Nine styling tricks and decorating ideas to help make open-plan living work for you.
Many of us have open-plan rooms in our homes, whether it's a generous extended kitchen-dining room or a knock through living room that doubles up as a home office/kids' playroom.
Open-plan living is lovely when you're in the mood for being sociable; less so when you're flinching on Lego pieces en route to your desk or an Xbox gun fight breaks your contemplative coffee.
With no walls to hide behind, the key to creating an open-plan room that every member of the family wants to spend time in is to break the space up into smaller separate 'rooms'.
"It’s called broken-plan and it’s the 21st century version of the old open plan," says interior design consultant and award-winning blogger Kate Watson-Smyth whose Instagram following boasts 224,000 followers.
"It has all the benefits – the flow of light, the open spaces, the shared living - but it’s about zoning one large space into small areas for different activities and moods."
These styling tricks and decorating ideas will help make your space feel calm and cozy, not cavernous; warm and welcoming, not a war zone.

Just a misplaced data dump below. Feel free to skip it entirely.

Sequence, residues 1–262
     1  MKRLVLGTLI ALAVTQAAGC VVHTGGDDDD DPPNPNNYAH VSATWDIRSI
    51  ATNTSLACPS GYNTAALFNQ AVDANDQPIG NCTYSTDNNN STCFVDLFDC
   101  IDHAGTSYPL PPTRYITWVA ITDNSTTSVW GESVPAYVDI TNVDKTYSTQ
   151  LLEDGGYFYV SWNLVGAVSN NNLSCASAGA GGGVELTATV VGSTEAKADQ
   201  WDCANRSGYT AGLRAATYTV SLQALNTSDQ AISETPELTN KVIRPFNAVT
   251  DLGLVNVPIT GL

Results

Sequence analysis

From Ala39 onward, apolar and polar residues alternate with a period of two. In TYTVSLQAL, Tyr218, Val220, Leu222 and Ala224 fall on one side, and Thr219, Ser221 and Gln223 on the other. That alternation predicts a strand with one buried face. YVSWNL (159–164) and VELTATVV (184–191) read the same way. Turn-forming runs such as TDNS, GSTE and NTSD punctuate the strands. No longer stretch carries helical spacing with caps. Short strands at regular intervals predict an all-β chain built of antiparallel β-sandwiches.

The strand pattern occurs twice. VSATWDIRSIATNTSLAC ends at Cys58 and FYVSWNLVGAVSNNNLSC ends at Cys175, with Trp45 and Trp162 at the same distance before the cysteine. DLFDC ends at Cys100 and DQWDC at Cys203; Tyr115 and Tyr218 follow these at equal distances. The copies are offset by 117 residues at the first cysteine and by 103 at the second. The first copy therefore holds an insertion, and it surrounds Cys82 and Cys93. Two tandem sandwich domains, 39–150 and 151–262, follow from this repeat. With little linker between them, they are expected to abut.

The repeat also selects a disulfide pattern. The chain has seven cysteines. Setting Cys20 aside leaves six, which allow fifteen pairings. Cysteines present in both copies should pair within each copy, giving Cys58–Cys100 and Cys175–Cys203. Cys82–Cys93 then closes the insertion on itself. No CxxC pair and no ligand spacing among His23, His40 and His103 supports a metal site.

1. Move your furniture away from the walls
Wherever possible avoid putting furniture around the edges of a space because it will look like a doctor’s waiting room.
"You need to be quite brave and put furniture in the middle of spaces," says Kate, author of a new book Mad About the House: 101 Interior Design Answers. "Put a sofa with its back to the dining or kitchen area, so you are literally turning your back on the working parts of the your open plan space.
"Hopefully your sofa is facing a window, fireplace or perhaps a television, so you are creating a different zone."